Soy Transportation Coalition on the shipping container investigation

A new investigative report from CNBC found that international shipping carriers rejected nearly 180,000 export containers at four major U.S. ports during October and November, adding up to a loss of $630 million dollars, but the pattern started as early as June, with the loss at those ports at more than a billion dollars.

Dave Salmonsen with the Farm Bureau told us how the shortage is impacting California producers who use the containers, rather than bulk shipping freighters. It is also costing them money as they wait.

The Executive Director of the Soy Transportation Coalition, Mike Steenhoek, speaks with RFD-TV’s own Tammi Arender on the products being shipped, how this has impacted cost, and the ripple effect it is having.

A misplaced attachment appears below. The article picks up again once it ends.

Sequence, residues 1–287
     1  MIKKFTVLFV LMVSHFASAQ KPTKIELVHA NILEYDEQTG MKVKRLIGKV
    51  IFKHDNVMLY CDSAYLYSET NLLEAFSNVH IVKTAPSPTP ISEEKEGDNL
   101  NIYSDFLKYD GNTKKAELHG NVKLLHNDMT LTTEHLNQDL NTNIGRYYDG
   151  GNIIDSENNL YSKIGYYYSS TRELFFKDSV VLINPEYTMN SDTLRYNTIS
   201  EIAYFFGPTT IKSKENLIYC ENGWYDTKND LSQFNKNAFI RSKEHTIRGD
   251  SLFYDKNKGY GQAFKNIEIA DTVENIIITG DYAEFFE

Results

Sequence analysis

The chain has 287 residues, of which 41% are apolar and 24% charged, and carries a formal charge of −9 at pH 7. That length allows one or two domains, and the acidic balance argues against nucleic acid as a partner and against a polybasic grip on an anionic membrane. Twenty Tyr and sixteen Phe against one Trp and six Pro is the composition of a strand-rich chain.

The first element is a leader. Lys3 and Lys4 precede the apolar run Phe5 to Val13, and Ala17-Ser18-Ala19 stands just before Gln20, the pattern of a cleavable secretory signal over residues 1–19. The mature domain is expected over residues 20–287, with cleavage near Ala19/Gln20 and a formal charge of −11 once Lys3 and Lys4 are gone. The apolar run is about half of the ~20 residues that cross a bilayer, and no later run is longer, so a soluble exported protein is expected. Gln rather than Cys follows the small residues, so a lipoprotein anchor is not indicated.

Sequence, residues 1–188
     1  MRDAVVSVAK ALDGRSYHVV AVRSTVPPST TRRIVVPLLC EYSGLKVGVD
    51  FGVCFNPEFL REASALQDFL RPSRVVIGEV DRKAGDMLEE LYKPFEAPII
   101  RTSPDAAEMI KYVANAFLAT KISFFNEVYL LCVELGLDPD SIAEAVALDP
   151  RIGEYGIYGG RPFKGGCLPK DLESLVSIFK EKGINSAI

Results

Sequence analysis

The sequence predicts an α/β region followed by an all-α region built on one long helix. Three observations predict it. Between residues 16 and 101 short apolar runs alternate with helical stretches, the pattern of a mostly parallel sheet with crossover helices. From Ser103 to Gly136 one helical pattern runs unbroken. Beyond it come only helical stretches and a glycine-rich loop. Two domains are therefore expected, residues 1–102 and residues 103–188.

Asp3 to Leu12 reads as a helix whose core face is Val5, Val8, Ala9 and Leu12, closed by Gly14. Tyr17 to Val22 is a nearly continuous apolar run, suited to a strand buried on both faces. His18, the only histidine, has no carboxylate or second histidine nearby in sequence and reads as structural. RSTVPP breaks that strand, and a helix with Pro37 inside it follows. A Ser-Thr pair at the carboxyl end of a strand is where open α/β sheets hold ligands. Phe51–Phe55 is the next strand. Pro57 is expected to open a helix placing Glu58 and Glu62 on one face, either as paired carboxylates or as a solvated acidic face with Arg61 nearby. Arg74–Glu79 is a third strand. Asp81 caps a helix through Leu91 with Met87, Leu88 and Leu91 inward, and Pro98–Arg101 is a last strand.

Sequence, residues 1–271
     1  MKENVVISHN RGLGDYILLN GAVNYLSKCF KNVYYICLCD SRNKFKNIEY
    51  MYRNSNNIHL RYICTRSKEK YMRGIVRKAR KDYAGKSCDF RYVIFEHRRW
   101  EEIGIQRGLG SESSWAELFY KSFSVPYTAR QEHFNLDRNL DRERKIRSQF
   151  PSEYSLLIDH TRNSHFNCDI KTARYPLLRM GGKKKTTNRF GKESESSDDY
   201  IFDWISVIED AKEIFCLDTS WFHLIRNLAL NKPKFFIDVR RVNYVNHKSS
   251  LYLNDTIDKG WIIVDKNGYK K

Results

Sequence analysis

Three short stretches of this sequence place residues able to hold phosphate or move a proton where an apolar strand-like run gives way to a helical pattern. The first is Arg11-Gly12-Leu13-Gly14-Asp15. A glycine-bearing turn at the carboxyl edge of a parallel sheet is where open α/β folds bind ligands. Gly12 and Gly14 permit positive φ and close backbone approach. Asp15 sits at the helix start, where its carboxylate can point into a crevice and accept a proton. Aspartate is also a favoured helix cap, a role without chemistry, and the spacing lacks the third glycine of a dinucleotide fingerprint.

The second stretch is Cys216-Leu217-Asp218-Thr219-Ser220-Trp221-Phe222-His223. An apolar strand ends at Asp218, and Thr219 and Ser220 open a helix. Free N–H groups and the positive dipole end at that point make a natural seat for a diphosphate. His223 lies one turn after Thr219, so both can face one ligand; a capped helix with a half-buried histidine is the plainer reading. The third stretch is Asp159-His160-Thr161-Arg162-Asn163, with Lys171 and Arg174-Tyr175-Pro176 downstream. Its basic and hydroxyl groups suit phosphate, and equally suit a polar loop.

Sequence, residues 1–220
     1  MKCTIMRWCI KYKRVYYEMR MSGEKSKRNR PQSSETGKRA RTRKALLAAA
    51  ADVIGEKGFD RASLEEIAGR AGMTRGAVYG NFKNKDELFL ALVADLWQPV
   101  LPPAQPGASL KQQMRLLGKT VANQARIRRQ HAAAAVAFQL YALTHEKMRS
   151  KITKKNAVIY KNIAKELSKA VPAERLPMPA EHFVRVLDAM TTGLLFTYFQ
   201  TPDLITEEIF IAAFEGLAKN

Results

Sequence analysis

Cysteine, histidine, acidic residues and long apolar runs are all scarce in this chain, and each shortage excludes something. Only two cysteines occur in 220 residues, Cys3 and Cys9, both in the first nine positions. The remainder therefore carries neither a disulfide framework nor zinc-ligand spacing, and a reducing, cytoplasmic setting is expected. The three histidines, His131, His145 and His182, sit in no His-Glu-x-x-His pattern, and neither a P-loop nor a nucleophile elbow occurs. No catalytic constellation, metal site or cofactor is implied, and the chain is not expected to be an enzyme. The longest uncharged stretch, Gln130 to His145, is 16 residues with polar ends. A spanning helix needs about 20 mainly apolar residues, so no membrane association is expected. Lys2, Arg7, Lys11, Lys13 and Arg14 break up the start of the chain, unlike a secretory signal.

“We’re pleased that the Federal Maritime Commission is investigating if there is any inappropriate behavior by the ocean carriers. One of the things that I really try to convey to the ocean carriers is, we get that there is a big rate disparity between the inbound cargo freight and the outbound cargo freight heading back to Asia, but if you want to have a long-term relationship with your ag exporters... than providing that predictability and that reliability of service is going to be really critical,” he states.

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Related:

Shipping container shortage reaches critical levels, investigation is now underway






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